People think in symbols but the symbols in our mind are not the actual objects themselves. That is to say: when you think of an apple, that apple is not real. This is the treachery of symbols. The symbols in our mind don’t always match the reality of an object. We think we know how to use an object based on the symbol in our mind that we apply to it.
This leads to encounters with objects like this:
We automatically interact with an object as if we know what the object is based on the symbols in our mind. It’s second nature.
This object is perfectly functional: push on the top; liquid squirts out. But good design isn’t just designing an item that functions. It’s designing for expectations. No matter how well designed a widget may be, people expect certain things in certain contexts. They expect certain interactions to produce certain results.
As preparation for launching Space Westerns magazine I began researching Western-genre fiction. I wanted to be familiar with the tropes, plots, themes, stock characters of a Western so I’d recognize them in a Space Western story. So I read John G. Cawelti’s The Six-gun Mystique, and David Mogen’s Wilderness Visions, and Jane Tompkins’ West of Everything, and Matt Braun’s How to Write Western Novels. Now when I watch Star Trek, I don’t just see colonists and Starfleet and Klingons; I see homesteaders and the U.S. Cavalry and the Mexican Army. When I watch Star Wars I don’t see Han Solo and Chewbacca and Boba Fett; I see The Lone Ranger and Tonto and The Man with No Name. It dawned on me: this is just another example of designer Robin Williams’ The Joshua Tree Principle:
Many years ago I received a tree identification book for Christmas. I was at my parents’ home, and after all the gifts had been opened I decided to go out and identify the trees in the neighborhood. Before I went out, I read through part of the book. The first tree in the book was the Joshua tree because it took only two clues to identify it. Now the Joshua tree is a really weird-looking tree and I looked at that picture and said to myself, “Oh, we don’t have that kind of tree in Northern California. That is a weird-looking tree. I would know if I saw that tree, and I’ve never seen one before.” So I took my book and went outside. My parents lived in a cul-de-sac of six homes. Four of those homes had Joshua trees in the front yard. I had lived in that house for thirteen years, and I had never seen a Joshua tree. I took a walk around the block, and there must have been a sale at the nursery when everyone was landscaping their new homes—at least 80 percent of the homes had Joshua trees in the front yards. And I had never seen one before! Once I was conscious of the tree, once I could name it, I saw it everywhere. Which is exactly my point. Once you can name something, you’re conscious of it. You have power over it. You own it. You’re in control.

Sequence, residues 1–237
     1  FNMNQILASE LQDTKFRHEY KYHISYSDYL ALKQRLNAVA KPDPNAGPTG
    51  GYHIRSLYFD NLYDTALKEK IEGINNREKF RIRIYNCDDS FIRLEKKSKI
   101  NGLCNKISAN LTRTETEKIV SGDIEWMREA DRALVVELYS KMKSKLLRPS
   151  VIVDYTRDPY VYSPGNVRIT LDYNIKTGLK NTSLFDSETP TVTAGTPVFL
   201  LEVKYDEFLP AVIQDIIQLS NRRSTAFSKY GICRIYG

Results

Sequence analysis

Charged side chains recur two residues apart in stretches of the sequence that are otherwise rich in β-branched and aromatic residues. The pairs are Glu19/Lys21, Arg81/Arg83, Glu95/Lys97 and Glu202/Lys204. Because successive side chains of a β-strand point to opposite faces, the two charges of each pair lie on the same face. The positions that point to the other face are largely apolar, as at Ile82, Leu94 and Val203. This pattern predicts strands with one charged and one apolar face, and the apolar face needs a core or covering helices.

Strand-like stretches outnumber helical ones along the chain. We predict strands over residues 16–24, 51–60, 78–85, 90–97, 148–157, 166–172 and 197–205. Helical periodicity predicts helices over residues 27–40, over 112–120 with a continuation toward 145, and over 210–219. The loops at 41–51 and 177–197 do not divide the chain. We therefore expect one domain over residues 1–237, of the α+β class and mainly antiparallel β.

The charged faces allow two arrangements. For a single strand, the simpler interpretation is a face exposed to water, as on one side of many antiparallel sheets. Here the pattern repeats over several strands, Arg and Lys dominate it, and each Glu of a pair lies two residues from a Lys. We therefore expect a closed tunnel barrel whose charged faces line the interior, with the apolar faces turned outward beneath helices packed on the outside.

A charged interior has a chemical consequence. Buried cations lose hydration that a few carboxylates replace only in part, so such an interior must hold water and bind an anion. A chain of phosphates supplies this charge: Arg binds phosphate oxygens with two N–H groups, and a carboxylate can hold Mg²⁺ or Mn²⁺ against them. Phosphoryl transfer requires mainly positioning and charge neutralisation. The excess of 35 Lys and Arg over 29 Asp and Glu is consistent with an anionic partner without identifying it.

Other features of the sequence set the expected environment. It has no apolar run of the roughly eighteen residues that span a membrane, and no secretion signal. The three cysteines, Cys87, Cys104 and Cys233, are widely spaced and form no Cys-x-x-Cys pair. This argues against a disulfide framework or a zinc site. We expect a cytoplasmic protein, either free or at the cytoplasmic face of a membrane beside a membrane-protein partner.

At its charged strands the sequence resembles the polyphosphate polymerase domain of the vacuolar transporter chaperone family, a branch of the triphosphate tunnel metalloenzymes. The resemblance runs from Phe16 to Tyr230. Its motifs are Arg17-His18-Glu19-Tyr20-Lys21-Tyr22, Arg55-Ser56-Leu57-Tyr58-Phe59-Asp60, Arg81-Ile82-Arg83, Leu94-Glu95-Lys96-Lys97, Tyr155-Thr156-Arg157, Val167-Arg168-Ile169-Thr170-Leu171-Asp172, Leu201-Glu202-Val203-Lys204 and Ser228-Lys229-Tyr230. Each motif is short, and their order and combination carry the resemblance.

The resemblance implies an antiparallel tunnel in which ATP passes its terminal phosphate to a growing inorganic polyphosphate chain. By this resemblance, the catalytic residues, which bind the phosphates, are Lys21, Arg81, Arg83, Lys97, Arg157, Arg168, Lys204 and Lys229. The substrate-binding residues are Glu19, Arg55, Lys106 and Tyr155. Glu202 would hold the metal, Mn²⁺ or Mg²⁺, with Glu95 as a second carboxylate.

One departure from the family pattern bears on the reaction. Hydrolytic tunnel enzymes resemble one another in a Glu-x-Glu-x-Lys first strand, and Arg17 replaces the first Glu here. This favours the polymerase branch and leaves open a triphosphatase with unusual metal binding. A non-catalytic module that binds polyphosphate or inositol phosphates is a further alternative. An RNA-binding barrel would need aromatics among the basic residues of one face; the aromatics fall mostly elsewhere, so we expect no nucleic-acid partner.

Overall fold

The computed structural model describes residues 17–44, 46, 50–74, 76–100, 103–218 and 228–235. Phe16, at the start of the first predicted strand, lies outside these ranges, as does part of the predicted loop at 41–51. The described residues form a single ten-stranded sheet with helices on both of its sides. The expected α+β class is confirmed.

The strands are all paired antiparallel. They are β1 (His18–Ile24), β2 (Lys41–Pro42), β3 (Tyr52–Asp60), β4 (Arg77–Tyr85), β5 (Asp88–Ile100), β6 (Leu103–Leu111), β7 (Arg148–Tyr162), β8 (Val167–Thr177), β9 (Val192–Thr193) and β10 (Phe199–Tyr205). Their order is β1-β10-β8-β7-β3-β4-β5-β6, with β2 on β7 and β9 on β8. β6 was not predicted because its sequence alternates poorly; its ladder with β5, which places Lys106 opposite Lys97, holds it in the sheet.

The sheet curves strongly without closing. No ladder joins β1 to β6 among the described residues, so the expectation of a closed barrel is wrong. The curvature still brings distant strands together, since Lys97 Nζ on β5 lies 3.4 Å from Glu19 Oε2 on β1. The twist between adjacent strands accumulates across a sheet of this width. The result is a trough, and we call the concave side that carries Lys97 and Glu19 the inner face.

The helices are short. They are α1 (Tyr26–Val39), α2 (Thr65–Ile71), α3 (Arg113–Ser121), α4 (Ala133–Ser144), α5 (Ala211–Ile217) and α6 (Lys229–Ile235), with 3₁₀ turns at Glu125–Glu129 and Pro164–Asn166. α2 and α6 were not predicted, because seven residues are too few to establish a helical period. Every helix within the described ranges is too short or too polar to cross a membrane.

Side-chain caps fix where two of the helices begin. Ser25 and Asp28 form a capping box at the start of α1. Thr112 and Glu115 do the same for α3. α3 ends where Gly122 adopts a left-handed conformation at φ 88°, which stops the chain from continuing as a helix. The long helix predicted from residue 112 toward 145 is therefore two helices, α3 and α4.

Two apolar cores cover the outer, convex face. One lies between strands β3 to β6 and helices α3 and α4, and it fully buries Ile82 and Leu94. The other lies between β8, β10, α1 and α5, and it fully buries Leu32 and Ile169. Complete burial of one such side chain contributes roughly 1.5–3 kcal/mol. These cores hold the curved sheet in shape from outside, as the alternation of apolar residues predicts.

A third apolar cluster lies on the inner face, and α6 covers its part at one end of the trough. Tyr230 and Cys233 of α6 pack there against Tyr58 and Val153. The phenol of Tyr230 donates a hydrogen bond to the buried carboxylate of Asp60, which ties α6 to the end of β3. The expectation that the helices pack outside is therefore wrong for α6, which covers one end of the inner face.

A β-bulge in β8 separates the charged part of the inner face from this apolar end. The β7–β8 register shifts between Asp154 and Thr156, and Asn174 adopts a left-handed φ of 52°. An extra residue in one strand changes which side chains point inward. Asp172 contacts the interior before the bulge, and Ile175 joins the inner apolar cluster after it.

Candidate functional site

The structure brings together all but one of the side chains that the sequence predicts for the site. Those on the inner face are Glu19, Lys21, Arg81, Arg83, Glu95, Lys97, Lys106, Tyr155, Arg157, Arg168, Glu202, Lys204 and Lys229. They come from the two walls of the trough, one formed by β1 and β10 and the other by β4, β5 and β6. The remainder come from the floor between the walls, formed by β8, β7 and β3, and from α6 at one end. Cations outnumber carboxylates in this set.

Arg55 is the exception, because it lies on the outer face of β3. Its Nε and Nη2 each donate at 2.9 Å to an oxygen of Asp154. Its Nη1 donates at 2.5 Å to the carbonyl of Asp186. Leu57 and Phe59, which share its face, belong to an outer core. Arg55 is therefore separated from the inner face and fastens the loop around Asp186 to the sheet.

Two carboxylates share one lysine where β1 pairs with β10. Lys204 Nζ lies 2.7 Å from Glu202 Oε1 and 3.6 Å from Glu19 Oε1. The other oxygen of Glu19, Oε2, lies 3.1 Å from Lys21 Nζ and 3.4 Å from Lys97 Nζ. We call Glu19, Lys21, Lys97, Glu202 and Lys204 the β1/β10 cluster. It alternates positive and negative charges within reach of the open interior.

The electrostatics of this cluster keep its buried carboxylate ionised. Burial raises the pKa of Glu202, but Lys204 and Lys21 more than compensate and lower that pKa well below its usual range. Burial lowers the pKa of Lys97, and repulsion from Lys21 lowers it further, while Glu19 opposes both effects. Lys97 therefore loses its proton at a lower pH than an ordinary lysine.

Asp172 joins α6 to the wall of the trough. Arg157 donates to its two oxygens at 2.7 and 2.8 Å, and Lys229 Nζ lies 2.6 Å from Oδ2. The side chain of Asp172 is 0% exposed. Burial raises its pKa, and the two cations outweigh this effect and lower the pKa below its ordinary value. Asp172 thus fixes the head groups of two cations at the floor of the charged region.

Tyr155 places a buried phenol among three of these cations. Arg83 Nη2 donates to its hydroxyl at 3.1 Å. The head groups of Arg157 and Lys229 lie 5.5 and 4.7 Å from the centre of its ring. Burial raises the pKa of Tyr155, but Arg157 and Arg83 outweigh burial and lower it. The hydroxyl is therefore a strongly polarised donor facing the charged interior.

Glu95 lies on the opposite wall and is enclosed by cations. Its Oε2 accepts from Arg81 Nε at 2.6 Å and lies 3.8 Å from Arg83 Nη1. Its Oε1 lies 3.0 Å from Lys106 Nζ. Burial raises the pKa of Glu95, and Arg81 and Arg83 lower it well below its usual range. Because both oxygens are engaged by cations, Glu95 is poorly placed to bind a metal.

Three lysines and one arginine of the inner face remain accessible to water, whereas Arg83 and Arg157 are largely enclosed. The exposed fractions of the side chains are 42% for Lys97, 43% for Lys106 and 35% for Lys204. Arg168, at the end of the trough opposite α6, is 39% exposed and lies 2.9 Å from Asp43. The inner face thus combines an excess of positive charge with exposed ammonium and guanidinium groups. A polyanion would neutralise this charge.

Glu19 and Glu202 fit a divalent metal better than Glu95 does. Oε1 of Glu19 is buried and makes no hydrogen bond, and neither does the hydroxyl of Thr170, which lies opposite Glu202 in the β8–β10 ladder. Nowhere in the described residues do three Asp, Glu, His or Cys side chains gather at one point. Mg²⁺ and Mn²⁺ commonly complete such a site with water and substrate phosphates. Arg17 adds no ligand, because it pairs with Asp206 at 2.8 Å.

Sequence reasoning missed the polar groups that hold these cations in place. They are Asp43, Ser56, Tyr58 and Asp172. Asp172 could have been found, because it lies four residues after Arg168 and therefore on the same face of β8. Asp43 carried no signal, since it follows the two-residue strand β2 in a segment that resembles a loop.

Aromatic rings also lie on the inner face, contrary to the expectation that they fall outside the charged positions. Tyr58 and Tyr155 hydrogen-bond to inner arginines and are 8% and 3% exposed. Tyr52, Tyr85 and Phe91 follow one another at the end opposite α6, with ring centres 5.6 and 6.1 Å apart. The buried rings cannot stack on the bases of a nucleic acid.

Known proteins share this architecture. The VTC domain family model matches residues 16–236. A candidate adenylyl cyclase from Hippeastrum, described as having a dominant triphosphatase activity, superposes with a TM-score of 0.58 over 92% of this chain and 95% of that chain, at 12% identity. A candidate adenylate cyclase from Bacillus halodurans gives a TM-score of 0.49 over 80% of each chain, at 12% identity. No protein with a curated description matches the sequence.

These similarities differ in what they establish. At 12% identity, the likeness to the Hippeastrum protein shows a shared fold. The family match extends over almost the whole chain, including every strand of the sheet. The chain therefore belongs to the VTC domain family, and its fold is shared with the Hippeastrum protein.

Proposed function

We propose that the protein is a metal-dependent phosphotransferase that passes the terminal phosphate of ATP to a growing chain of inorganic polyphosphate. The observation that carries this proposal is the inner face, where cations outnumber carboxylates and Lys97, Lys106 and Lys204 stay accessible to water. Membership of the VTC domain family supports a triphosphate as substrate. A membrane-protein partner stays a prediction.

Neaderthals lived in Europe and parts of the Middle East approximately between 200,000 and 30,000 years ago. We’re discovering that they are more like modern humans than we previously thought they could be. How to Think Like a Neanderthal gives a good overview of what we currently know. Neanderthals were social, cooperative, family-oriented, planned ahead, and displayed mechanical skills. They made tools, wore clothes, used fire, and possessed some form of language.
The fact that they possessed language, no matter how simple it may have been, is interesting. Language is a symbolic communication system. In the strictest sense, a symbol is a (sometimes arbitrary) mark, sign, or sound that is understood to represent some other thing. If Neanderthals had language then they must have been capable of thinking in symbols.